Religion underlies Anne Frank’s Chestnut Tree as well, in a very different way. Anne and her family were Jewish, and her famous diary was written as she and others hid in Amsterdam from the Nazis, who eventually found them and murdered them in the name of expunging Jews and all their supposed evils. This is a Step 3 book in the “Step into Reading” series, which means it is for “Reading on Your Own” for ages 5-8. This is a serious book that tells the story, in simplified but accurate form, of what happened to Anne and the other people who tried to hide from the Nazis in the same place. Young readers will find out about how Anne and the others lived day to day, who helped them, and how their lives developed – including the pervasive fear with which they all had to contend. The book’s title refers to a chestnut tree, outside the hiding place, that Anne saw and about which she wrote: “Nature made Anne feel that God had not left her.” The book explains that visitors can still visit the place where Anne was hidden, but that the tree she saw was knocked down by a storm in 2010 – yet saplings from its chestnuts are now growing in Amsterdam and throughout the world. This message of hope is the basic one of the book, which Jane Kohuth writes in a matter-of-fact narrative voice and Elizabeth Sayles illustrates in very somber tones that are quite suitable to the story. Despite the clear intent to provide uplift, this is not a pleasant story, and the attempt to find a happy ending is less than successful – although readers in the target age range may accept it. Although written so it can be handled by those readers on their own, this is a book that might better be used as a teaching tool by parents, who may want to read it – at least for the first time – with their children, and provide an explanatory gloss beyond what the book itself offers.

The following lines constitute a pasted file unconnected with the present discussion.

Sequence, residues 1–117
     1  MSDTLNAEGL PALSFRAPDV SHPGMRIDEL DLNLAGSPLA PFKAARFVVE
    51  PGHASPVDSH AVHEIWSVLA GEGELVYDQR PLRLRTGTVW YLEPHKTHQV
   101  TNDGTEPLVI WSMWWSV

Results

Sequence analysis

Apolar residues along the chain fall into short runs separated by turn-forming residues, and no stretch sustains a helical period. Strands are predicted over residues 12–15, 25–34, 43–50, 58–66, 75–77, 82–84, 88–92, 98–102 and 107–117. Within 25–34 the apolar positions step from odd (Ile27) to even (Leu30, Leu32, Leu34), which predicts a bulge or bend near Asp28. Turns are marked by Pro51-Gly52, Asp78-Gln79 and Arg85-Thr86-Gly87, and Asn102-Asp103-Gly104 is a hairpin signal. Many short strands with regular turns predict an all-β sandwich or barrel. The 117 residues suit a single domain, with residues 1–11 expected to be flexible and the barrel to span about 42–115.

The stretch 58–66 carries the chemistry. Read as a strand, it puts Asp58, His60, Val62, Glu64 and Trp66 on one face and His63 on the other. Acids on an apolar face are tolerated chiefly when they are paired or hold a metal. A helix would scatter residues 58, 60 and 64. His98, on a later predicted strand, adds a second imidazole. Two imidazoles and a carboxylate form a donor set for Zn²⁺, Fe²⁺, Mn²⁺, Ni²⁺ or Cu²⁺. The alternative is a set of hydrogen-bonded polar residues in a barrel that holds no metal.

Religion is the foundation of Christmas, of course, but the holiday’s secular elements dominate in many households. And many families with kids ages 3-7 will enjoy My Pen Pal, Santa, for its unusual handling of the letter-to-Santa notion. The book starts with a six-year-old girl’s thank-you letter to Santa, written soon after Christmas – such an unusual occurrence, Melissa Stanton suggests, that it leads to Ava receiving a letter back from Santa himself. Ava continues writing to Santa throughout the year, and Jennifer A. Bell amusingly shows Santa’s delight and surprise when he gets letters at Valentine’s Day, Easter, the Fourth of July, and on other occasions. There are a number of amusing elements here, including one about Ava’s brother not believing in Santa, one about the Tooth Fairy’s wand working like a flashlight (“it can’t zap anyone”), and one about swimming – which Ava and her family do at the beach in summer, and Santa and his reindeer and elves do with “friendly seals, walruses and polar bears.” Eventually the next Christmas season rolls around, and Ava starts asking seasonally appropriate questions about how Santa gets down the chimney, how he delivers to homes that don’t have chimneys, and whether he makes it snow (“That’s Mother Nature’s job,” Santa writes back). Eventually Ava makes a simple, special Christmas wish that, it turns out, Santa is willing to grant, and the book ends very happily indeed. This is an unusual seasonal offering that families seeking an alternative to typical Christmas books will find attractive as the holiday draws near.